Eye-tracking methodology for the assessment of social function in infancy

Karri Gillespie-Smith, James Boardman, Ian Murray, Jane Norman, Anne O'Hare, Sue Fletcher-Watson

Research output: Contribution to journalArticle (Academic Journal)peer-review


Background: Eye-tracking has provided new insights into the development of infant cognition and is currently being explored as a potential way to identify early biomarkers of later difficulty1,2. We aimed to assess social cognitive ability across levels of stimulus complexity in infancy. Methods: Participants were 32 typically-developing (TD) infants aged 6-12 months, recruited with ethical approval. We measured 3 aspects of social cognition using stimuli of increasing complexity: attention distributed across faces; attention to faces in a grid-like array; and attention to faces embedded in naturalistic scenesResults: In each task we found evidence of longer fixation duration on socially informative content compared with other regions (i.e. eyes versus mouths, faces versus other objects; all p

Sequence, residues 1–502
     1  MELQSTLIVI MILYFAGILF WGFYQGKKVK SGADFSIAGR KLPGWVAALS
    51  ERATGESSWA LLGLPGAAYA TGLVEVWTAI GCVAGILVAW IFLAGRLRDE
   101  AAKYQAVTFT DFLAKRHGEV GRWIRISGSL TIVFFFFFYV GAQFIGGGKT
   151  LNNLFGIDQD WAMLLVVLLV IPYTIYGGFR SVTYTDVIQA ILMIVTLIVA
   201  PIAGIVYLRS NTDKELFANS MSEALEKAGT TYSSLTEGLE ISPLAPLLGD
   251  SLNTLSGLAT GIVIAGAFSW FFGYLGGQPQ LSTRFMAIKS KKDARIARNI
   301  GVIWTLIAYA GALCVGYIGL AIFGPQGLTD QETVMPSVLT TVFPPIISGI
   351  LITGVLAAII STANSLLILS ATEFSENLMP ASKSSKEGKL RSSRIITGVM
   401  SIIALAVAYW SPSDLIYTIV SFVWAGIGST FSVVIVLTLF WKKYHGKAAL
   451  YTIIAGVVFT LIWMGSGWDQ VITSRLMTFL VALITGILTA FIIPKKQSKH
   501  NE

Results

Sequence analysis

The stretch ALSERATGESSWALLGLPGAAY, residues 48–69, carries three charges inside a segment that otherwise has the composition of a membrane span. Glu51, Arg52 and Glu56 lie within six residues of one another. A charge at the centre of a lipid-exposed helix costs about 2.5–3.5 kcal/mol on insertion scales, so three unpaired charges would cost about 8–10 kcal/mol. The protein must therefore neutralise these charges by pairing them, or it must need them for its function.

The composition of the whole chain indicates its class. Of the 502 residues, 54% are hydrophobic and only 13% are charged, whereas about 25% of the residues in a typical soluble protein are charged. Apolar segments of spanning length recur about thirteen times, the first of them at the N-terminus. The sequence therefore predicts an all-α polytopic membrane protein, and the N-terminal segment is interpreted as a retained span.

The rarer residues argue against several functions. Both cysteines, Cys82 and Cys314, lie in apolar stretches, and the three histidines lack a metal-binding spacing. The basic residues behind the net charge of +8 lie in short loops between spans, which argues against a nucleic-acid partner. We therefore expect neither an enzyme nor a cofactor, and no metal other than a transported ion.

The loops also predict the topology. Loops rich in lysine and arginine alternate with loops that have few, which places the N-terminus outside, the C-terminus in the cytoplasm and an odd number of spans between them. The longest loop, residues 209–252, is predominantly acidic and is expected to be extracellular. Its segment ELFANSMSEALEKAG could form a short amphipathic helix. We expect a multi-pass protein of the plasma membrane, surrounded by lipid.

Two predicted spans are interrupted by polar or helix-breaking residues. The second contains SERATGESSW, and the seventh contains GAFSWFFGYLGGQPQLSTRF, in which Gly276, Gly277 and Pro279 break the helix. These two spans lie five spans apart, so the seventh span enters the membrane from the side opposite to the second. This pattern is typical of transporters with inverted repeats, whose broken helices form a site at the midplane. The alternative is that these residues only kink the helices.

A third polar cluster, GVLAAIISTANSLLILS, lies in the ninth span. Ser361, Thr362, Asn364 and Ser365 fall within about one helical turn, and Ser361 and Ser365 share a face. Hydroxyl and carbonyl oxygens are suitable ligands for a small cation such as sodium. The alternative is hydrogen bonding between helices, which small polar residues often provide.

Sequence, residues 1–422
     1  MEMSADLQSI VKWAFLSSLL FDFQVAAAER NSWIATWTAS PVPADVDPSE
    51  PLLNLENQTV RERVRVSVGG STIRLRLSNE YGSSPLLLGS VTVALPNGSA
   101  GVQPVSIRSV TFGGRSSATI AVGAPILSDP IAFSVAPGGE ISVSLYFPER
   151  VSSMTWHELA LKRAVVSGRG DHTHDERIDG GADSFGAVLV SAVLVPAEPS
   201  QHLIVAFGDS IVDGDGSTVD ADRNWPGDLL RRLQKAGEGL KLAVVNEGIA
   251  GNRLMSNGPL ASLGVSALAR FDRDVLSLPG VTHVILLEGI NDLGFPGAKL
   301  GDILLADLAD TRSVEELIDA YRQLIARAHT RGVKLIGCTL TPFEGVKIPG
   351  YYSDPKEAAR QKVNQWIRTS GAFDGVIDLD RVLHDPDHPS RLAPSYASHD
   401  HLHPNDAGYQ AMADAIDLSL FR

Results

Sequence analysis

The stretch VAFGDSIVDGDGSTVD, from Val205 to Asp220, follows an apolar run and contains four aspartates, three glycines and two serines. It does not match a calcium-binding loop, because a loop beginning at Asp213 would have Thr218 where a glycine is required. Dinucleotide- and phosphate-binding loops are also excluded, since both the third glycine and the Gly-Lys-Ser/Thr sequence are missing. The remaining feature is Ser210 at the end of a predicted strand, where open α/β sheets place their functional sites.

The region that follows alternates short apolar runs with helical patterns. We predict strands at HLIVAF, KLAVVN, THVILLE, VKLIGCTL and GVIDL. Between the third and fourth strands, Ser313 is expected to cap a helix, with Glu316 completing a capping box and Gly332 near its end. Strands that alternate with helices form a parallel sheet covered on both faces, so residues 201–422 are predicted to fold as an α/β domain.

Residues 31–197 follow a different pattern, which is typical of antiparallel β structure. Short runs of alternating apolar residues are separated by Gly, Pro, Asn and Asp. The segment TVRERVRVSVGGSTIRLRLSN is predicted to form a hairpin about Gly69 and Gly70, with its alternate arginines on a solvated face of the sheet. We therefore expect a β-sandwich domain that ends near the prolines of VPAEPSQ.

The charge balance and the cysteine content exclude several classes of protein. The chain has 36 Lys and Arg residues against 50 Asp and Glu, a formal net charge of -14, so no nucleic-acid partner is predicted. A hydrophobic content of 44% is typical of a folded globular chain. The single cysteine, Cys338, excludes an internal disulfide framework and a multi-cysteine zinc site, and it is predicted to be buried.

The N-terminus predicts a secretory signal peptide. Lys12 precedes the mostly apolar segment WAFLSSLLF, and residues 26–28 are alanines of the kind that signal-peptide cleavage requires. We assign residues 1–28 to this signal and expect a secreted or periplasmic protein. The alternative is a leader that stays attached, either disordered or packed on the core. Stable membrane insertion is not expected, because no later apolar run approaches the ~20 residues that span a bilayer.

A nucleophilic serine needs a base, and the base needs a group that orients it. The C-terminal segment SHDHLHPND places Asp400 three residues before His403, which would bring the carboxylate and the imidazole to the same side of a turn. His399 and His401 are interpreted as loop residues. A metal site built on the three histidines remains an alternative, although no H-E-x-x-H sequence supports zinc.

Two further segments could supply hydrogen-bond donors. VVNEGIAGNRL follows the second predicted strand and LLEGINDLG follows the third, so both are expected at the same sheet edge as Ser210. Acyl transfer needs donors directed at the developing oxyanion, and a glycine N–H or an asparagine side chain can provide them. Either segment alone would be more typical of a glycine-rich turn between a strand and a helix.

Original languageEnglish
JournalArchives of Disease in Childhood: Fetal and Neonatal Edition
Issue numberSupplement 1
Publication statusPublished - 2014

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